Ludlow Guitars Owner Predicts Brighter Future In Brooklyn

Kaan Howell Infront of the Well-Known Storefront

Kaan Howell in front of Ludlow Guitars

On June 30th, Ludlow Guitars announced its move to Brooklyn. After 17 years on the Lower East Side, the celebrated shop is making the leap to another borough. Although sorry to leave his Ludlow Street home, the shop’s owner, Kaan Howell, predicts a prosperous future for his business and is finding ways to extend its reach beyond retail sales.

Kaan Howell moved from England to New York with his family when he was 8 or 9 years old. His father is a musician, so he was surrounded by musical instruments, while growing up, for as long as he can remember. Although he had no desire to be a musician, Howell was fascinated with instruments. “Long before I could even play a guitar,” Howell said, “I knew stuff about them. I knew little bits and pieces about an instrument without being able to play.”

Although the Howell family lived on the Upper West Side, he often made trips to local favorites like Max Fish’s, CBGBs and Pink Pony, experiencing the Lower East Side’s counterculture at its tail-end. “This area was entirely a different place,” Howell recalls. “It had that sort of artsy bohemian, slightly younger musical crowd. This whole area was buzzing in that way. It was a little bit more dangerous, it wasn’t as nice, but it had its own character and charm.”

Eventually, “by family, by happenstance,” the Howells were given the opportunity to open the guitar shop. Although Howell’s father initiated the new ownership, Kaan Howell immediately took over the business and has been running it ever since. “It’s been a lot of fun,” he said, “insanely difficult sometimes but a lot of fun.

Original Ludlow Guitars sign

According to Howell, the move to Brooklyn is not due to an alarming rent increase, unlike his move 6 years ago from 164 Ludlow St. to the current location. “Normally when you do the move,” he said, “it’s not generally one thing (namely a rent hike).”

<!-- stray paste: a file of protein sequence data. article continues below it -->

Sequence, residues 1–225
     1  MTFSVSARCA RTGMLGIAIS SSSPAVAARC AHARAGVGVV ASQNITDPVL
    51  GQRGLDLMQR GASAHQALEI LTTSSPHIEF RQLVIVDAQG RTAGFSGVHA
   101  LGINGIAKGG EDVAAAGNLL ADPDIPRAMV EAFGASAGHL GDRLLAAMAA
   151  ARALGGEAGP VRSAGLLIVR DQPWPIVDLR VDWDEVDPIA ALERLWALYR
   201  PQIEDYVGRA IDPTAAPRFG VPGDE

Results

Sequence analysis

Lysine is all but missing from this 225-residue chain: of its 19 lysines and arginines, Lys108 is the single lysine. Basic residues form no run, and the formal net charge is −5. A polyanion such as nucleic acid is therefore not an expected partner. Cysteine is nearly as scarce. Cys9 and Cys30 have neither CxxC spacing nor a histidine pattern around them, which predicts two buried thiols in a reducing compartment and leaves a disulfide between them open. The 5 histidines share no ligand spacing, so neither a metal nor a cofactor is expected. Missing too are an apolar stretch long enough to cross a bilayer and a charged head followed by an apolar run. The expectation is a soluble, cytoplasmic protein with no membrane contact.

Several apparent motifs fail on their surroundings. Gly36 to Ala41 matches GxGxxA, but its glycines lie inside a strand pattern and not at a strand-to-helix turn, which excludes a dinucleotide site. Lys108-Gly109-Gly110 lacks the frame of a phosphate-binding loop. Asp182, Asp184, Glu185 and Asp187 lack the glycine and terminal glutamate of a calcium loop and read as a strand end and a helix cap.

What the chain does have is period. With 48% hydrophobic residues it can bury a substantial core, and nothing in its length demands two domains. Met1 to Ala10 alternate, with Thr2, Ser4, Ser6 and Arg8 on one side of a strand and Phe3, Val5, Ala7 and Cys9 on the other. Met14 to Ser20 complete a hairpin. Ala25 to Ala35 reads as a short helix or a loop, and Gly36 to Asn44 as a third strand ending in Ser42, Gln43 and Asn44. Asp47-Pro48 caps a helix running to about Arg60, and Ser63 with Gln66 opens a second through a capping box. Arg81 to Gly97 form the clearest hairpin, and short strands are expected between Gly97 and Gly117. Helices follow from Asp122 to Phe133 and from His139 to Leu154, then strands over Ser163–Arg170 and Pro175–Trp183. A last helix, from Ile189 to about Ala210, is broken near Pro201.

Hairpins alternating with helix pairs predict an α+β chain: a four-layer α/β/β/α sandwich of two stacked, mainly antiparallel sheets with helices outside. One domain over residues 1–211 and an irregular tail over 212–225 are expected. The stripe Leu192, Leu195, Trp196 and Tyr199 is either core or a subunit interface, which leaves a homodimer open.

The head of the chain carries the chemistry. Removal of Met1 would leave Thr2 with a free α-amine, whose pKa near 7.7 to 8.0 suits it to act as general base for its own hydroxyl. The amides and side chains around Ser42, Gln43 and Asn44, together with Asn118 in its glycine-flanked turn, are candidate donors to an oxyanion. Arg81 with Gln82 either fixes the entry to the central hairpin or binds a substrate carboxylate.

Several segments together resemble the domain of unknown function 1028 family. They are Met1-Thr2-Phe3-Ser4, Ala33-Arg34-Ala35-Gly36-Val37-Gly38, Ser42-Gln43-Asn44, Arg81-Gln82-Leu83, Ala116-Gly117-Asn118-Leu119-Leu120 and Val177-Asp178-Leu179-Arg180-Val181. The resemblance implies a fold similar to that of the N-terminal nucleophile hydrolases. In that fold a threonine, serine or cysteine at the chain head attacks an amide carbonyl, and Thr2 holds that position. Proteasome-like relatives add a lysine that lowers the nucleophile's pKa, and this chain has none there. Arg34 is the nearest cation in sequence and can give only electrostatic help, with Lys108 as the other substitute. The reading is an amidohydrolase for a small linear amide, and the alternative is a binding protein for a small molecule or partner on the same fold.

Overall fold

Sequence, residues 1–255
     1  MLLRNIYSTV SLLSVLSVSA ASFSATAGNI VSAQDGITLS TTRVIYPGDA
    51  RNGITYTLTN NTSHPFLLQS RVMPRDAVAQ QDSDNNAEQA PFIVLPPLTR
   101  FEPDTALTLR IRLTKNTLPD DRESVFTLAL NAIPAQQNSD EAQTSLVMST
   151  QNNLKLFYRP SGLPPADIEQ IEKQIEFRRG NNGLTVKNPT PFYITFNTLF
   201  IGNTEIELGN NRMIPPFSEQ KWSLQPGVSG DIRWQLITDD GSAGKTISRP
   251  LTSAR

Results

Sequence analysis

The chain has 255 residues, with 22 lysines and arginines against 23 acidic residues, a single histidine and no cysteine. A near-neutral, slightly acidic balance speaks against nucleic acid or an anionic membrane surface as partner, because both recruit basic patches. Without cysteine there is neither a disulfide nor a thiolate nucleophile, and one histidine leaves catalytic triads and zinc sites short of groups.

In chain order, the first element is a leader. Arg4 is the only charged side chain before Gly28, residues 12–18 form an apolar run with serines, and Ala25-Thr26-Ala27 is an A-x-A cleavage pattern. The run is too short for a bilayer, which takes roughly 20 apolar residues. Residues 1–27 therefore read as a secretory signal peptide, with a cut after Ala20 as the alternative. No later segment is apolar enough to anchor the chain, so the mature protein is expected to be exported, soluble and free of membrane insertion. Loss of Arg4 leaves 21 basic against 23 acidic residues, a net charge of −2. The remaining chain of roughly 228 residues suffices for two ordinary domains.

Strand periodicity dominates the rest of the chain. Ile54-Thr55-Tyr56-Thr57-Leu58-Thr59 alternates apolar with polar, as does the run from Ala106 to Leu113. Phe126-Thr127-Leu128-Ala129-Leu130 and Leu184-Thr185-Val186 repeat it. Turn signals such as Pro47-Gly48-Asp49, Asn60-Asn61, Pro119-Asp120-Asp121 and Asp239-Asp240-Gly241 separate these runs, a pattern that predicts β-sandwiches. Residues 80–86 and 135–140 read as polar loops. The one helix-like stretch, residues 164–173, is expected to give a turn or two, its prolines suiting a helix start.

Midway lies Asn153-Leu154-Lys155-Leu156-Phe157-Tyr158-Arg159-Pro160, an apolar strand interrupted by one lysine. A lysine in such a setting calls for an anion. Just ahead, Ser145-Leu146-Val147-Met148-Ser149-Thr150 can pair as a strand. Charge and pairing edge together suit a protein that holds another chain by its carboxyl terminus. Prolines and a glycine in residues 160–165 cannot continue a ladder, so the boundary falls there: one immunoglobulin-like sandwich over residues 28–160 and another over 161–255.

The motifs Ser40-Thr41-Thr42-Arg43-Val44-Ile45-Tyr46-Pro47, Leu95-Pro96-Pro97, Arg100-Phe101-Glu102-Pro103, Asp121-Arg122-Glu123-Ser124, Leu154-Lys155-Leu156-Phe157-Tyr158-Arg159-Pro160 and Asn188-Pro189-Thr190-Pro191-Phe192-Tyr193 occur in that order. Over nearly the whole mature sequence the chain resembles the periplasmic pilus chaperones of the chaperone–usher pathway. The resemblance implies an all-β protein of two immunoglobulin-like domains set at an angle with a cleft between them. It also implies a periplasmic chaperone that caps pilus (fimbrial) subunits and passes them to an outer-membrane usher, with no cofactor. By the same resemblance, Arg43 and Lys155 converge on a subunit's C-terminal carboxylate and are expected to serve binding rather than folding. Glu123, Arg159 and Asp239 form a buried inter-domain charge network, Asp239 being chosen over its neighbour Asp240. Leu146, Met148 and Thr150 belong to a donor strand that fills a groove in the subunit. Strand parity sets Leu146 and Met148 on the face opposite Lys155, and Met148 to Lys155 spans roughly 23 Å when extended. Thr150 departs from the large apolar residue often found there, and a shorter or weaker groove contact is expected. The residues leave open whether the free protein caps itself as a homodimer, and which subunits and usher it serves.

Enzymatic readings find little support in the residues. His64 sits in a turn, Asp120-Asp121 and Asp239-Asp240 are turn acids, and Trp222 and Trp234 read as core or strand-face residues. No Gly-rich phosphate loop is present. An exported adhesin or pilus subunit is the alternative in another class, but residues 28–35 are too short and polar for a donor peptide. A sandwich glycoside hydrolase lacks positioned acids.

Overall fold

“The lease is not up this second,” Howell said, “but I’m choosing to leave before I really don’t have a choice.”

The pace at which the L.E.S. is changing speeds up with every high-rise and every local business closure.  “New York is a city of change and the Lower East Side is a neighborhood on the rise. There’s a sadness involved with that because it’s nice [for small businesses] to be able to stick it through and see a part of that [change] but some things are just not viable, you just can’t do it,” Howell said.

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The move makes sense, he said, because it will allow for the business to keep afloat and to grow.  “I have a plan for the future,” he said, “It’ll be like Ludlow Guitars 3.0 rather than what it is today.” Howell alludes to more involvement with the music community — possible workshops and music classes.

Apart from having a smaller space, the layout of the new shop will be tailored to accommodate more than the retail. “What I’ve got planned is gonna be different, unlike what other people have done and it won’t be what people were expecting.”

When asked what he’ll miss most about the LES, he said, “I’m gonna miss the street. I kind of already miss it in a way of like…it’s so different. It’s a funny thing about being ion a street for a very long time. It’s like the world is going by you and you get to see the street move and change. I’ve been here long enough to see time passing.”

Howell is aiming for a grand opening in Brooklyn this fall. Ludlow Guitars closes on July 18th.

Baohaus Owner Eddie Huang Unplugged

From "Choice Eats"

As Feast reported on Friday, the tiny Taiwanese steamed bun joint Baohaus is expanding, just four months after opening on the Lower East Side.  Chef/owner Eddie Huang is opening Crackhaus (yes that’s really the name), a full service restaurant on Orchard, somewhere between Houston and Delancey.

It’s been quite a ride for Huang. Great reviews and a stint on the Food Network has made him a popular guy (especially with investors, it seems). It just so happens, Huang is also a fairly prolific blogger (where does he find the time?)  After the news about Crackhaus made the rounds in the blogosphere on Friday, Huang chimed in with some thoughts (controversial ones) of his own. See excerpts from his post, after the jump:

Suddenly, Summer in the Hood

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Although the spring blossoms are still in full force around the neighborhood, this weekend's high temps brought out the Tompkins Square Park sunbathers a little early.  Let's hope all that pasty-white skin didn't burn!

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The wait outside Clinton St. Baking Co. for Sunday morning brunch.  Is it really worth all that?

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Tulips and Daffodils line the busy handball courts on Houston and Allen.

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Beowulf Reimagined

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There’s a fun show at the Abrons Arts Center right now through April 18th. If you like the idea of taking an old historic poem (the one that’s always assigned but never gets read) out of the classroom and into the hands of artists, you’ll enjoy, “Beowulf-A Thousand Years of Baggage.” If you just like the idea of a classic monster story with contemporary music, you’ll like it, too.  Theater Mania’s review is here and a nice piece in the NY Times on Jason Craig, of Banana, Bag & Bodice, here.

Posted by Traven Rice